VLOG (Video Blog)
What's this page about? Here I'll post (mostly) non-science videos that address the topics of Stone's Map. (For my science video courses, please click on SCIENCE on the menu; here is my video course Complexity 101: How Nature Works.) Latest video is at the top, older ones as you scroll down.
NOTE : If you've been to this page before, please reload/refresh your browser tab to see the latest videos.
With these VLOG videos, I'm trying to provide a bit of context for Stone's Map and my science video courses so that viewers can understand more about who I am as a person beyond a talking head science teacher, and can experience my intimate connection to nature that I promote. I consider these videos as much an art as informationals, attempting to use photos, videos and music in creative ways. I hope you'll find them engaging, informative, and even entertaining.
Snow, Maps, Snowshoes, Trees, Eskers, Ravines, Rocks, Logs & Woodpeckers
January 1, 2020. This is a 28.5 minute video about a walk in the woods near my studio on New Years Day, 2020, along with some context about the larger project -- Stone's Map -- of which it is a small, but important part, along with a map tour of the region (again, for context) and a quick overview of my two pair of snowshoes: one modified bear paw, the other beavertails with very different characteristics for different kinds of snow and situations. It includes a visit to three large glacial erratics (granite boulders carry to the place in an ice sheet); the story of how a clear cut woodland will end up as a snowmobile drag strip; and a sad tour of a large log storage yard -- one of four adjacent ones -- that contain up to hundreds of thousands of logs at any given time. But it ends on a positive note with a drum serenade by a pileated woodpecker.
An afternoon walk in central Maine
September 1, 2019. Come along for my afternoon walk (video is 30 min) in Central Maine, just across the highway from my base camp studio (apartment where I live and produce videos) on old land that has been inhabited by Mainers for hundreds of years (and native Americans before that). You'll visit a cattail pond; a cistern with an interesting history; an old abandoned root cellar; an old shed that was a home for wild turkeys; a church turned tavern and dance hall that collapsed last winter under the snow load; an old car lost in the woods; a beautiful swamp; pine groves; and my hammock camp to be.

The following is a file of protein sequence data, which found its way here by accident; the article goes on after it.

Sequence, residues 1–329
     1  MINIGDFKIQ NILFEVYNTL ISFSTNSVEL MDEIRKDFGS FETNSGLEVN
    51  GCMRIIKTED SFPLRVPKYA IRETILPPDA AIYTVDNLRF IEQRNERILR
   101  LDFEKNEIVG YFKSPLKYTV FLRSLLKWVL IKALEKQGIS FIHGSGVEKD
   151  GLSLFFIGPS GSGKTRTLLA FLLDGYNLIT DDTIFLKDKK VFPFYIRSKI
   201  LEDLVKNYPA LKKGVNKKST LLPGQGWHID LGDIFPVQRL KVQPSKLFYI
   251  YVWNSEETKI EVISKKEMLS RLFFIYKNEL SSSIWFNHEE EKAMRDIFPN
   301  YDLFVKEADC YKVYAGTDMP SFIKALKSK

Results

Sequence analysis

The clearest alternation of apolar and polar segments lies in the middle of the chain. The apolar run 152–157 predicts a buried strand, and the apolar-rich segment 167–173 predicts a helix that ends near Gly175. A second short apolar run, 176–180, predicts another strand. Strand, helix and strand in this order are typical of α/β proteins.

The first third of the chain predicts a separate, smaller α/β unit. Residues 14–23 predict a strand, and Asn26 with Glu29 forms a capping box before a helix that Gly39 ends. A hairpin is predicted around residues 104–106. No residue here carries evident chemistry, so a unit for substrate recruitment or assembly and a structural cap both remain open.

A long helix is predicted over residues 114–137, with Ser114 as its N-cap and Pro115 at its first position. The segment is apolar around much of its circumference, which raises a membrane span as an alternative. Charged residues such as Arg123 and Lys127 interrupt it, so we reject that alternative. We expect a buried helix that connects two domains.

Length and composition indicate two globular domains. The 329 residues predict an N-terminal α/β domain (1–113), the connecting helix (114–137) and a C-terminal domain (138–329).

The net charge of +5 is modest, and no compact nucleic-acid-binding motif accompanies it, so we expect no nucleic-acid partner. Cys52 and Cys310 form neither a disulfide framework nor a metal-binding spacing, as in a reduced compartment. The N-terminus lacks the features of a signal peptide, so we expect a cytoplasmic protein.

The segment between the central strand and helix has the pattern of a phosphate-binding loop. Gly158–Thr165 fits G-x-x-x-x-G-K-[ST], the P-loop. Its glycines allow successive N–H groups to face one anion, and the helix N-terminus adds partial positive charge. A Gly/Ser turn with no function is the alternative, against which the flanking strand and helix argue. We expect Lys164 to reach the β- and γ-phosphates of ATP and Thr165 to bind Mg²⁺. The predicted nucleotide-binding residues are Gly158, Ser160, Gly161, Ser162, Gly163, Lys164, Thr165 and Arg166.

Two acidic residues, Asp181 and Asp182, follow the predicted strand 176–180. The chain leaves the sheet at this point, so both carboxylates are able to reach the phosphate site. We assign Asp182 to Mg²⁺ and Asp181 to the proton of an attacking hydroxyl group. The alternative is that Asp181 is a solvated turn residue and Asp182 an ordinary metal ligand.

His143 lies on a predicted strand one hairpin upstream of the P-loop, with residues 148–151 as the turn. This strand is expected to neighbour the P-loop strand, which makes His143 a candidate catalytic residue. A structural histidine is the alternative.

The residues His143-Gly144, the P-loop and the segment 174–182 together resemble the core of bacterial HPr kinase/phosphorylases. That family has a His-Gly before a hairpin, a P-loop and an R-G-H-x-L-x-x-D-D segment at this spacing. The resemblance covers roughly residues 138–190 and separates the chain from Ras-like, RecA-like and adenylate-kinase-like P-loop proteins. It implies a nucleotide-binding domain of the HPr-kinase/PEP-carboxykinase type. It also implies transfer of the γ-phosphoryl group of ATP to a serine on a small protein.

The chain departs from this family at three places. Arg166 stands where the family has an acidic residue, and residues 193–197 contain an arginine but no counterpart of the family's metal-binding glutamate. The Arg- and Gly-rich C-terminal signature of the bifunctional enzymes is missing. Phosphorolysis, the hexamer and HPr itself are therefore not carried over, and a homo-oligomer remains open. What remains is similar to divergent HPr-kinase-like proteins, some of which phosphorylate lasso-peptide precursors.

At the end, you'll find a link to the video just below on this page: my tent and tiny house project.
Beyond Politics & Economics:
Addressing Climate Change
March, 2019. This 56 minute video is one of the most important I've ever produced in terms of explaining the relevance and importance of my Earth Studies Program. The thesis is represented in the title: political, economic and legal changes are necessary to effectively address climate change, but they are not sufficient. My thesis is that widespread knowledge of both complexity sciences and geophysiology are equally important, especially by those who are seeking political, economic and legal changes.
In fact, my assertion is that without widespread knowledge of complexity and geophysiology, the probability of the long-term survival of our species in truly ecologically sustainable societies will decrease significantly. That's because our entire civilization is founded on incorrect views of nature, Earth and life that emerged from the mechanistic paradigm during the last three centuries. We must replace those views with the radically different views offered by complexity sciences and geophysiology that are simultaneously fascinating and awe-inspiring. That is, this is not merely academic or philosophical interest.
Below is a quote from Dianne Dumanoski in chapter 8 of her book The End of the Long Summer: Why We Must Remake Our Civilization to Survive on a Volatile Earth, in which she advances exactly the same view that I spoke of just above. I produced this video with that firmly in mind.
"Rethinking the big questions is not a philosophical luxury, but rather a practical matter that bears directly on the questions we ask as we grapple with this long emergency and debate the strategies to pursue."
A Winter Wonderland (10 min)
Here is my entry for January, 2019. It's a 10 minute video tour of two spots here in my small town in Maine: 1) the partially frozen Piscatiquis River from a bridge on December 27, 2018; and 2) the woods behind my apartment (Base Camp Studio) during a very interesting recent snowstorm (January 9, 2019) featuring previously uncharacteristically (for January!) wet snow which coated everything quite thickly, creating a beautiful winter wonderland perfect for snowshoeing!